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Company brings edible garden to your home

September 22, 2010 12:00:00 AM PDT
If you don't have a green thumb but love the idea of a garden, there's an easy solution. There's a company that will bring the garden to you, and there's no digging or watering required.The Irwins wanted to be able to get fresh lettuce from their back yard but claim skills are missing in the garden department.

"I've got tons of property, so it's not a space thing, it's the fact that I don't have a green thumb," said Sirena Irwin of Mount Washington.

Environmental scientist Lucas Brower started a company that brings the garden to you, as he heard many saying similar things.

"I'd like to grow some food, but I don't have the space, or I'm not as strong as I used to be and I can't do the back-breaking work," Brower said.

His company, Home Grow Micro Farms, brings healthy growing plants in manageable containers, each with a different type of food, like lettuce, tomatoes and beets.

"The menu varies every single month," Brower said.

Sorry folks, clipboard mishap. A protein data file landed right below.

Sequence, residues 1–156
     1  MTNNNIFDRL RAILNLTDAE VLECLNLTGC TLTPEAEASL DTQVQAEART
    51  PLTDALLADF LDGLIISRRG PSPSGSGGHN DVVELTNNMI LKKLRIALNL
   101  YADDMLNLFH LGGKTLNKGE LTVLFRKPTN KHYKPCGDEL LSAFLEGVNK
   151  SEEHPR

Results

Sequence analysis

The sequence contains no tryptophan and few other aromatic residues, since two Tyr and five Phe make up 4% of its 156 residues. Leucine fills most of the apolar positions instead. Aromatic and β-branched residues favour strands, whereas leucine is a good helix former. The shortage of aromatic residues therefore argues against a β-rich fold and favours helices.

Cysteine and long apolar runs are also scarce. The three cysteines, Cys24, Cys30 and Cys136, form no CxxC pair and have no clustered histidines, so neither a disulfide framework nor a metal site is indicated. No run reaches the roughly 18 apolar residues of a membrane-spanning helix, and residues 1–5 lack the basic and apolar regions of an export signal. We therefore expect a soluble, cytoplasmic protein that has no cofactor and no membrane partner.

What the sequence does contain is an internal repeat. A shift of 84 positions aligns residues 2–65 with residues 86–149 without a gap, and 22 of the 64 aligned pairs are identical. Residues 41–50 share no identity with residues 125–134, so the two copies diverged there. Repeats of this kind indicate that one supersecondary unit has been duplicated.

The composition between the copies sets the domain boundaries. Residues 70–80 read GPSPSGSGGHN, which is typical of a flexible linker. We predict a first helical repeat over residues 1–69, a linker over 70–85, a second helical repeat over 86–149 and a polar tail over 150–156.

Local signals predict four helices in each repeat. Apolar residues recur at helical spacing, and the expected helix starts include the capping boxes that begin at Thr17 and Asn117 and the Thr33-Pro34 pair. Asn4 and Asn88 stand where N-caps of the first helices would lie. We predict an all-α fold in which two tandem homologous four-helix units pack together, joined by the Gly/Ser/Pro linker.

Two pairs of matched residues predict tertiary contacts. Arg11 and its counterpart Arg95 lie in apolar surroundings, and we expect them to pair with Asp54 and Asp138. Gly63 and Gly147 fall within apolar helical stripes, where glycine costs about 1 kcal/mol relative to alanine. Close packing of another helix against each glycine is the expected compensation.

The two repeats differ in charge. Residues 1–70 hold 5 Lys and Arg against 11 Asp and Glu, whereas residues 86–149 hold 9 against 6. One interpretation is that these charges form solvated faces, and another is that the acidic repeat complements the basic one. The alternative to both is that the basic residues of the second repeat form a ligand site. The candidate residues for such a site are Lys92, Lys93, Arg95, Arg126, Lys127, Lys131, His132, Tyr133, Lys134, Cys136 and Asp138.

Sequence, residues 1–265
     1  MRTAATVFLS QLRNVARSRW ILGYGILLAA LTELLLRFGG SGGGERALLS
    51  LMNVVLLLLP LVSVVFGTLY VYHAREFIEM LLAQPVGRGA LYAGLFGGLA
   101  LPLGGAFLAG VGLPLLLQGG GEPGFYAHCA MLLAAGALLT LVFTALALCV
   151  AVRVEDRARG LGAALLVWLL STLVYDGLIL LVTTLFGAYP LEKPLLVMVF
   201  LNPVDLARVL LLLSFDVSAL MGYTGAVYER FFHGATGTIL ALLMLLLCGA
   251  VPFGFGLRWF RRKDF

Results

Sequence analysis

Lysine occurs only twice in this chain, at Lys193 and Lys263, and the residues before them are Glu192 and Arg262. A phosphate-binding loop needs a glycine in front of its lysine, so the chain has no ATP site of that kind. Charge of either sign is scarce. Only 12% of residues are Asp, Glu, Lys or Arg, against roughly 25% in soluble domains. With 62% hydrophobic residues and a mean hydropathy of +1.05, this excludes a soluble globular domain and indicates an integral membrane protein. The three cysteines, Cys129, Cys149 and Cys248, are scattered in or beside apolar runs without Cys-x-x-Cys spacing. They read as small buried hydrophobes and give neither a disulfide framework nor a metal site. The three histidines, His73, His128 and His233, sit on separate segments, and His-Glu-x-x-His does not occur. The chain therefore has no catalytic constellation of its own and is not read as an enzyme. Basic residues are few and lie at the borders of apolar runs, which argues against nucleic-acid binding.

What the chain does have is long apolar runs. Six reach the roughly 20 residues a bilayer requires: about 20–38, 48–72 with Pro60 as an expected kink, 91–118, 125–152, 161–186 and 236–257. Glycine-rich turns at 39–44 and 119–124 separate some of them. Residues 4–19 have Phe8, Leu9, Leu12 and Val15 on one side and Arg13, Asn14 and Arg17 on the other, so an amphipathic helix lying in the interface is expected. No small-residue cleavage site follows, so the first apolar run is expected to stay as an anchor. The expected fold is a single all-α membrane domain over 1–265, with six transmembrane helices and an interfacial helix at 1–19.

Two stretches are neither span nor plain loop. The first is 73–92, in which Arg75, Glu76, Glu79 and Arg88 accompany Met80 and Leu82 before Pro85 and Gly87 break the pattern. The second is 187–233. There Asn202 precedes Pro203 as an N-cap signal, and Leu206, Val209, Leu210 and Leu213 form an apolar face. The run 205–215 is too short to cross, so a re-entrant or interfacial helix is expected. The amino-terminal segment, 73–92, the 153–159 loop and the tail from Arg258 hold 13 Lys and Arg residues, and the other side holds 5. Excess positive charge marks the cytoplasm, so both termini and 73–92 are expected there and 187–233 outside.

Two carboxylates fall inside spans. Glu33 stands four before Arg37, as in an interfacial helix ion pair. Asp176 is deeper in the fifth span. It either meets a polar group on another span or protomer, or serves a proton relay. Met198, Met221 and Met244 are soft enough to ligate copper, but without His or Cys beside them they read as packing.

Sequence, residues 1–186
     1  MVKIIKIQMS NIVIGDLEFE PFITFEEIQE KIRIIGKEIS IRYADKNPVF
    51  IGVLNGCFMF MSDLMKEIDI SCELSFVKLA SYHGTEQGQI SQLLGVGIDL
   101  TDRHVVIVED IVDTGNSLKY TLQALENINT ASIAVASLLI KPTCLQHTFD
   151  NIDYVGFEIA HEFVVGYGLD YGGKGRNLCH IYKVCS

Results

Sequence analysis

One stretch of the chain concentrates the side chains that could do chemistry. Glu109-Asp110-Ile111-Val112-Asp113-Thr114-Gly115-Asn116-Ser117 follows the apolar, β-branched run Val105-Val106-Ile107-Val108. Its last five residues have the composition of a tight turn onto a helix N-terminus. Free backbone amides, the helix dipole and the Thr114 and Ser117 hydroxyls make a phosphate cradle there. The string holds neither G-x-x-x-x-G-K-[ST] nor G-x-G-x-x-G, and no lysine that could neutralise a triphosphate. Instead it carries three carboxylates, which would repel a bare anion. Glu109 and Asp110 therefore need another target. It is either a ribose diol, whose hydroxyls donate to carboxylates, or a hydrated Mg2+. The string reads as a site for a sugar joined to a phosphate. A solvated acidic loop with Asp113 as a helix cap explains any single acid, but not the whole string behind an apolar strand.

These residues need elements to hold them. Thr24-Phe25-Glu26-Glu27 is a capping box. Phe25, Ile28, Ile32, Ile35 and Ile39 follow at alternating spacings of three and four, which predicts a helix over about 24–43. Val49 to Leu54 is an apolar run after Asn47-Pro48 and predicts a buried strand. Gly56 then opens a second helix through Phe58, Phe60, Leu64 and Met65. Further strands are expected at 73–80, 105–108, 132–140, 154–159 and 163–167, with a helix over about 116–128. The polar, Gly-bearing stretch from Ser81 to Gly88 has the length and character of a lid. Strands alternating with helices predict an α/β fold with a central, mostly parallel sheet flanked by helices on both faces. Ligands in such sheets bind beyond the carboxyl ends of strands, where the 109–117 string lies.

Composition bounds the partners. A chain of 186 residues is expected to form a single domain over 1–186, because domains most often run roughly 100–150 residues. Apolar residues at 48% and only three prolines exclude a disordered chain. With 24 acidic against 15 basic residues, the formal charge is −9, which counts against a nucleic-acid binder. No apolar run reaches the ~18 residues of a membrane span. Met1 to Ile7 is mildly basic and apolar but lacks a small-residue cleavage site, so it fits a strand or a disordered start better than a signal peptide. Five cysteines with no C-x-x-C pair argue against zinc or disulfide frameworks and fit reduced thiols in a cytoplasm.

One of the big bonuses to this program is the self-watering system because garden experts say the number one thing new gardeners do is drown their plants.

"I've killed a lot of plants in my lifetime, and I think the killing needs to stop," Irwin said.

Brower hooks up a sub irrigation system that keeps plants uniformly moist without any help from anyone. There's also a protective cover that dramatically reduces evaporation and helps keep pests out.

"I can use one side for my drip line, which will go to supply constant water to the boxes when they need it, and then the other side for their hose," Brower said.

Brower replaces the boxes at season's end, making the whole process sustainable.

"All the boxes get re-used. I am also able to recycle about 70 percent of the potting mix from every box," Brower said.

One box costs $100, but there is a volume discount when more are ordered. Brower says you'll get 200 tomatoes out of a box, for example, so you'll get your money's worth. And while lettuce might be a wash cost wise, you won't have to waste or throw any product away.

"There's a lot of value added to the process. It's educational for the family and for the kids, and you know your produce is safe," Brower said.

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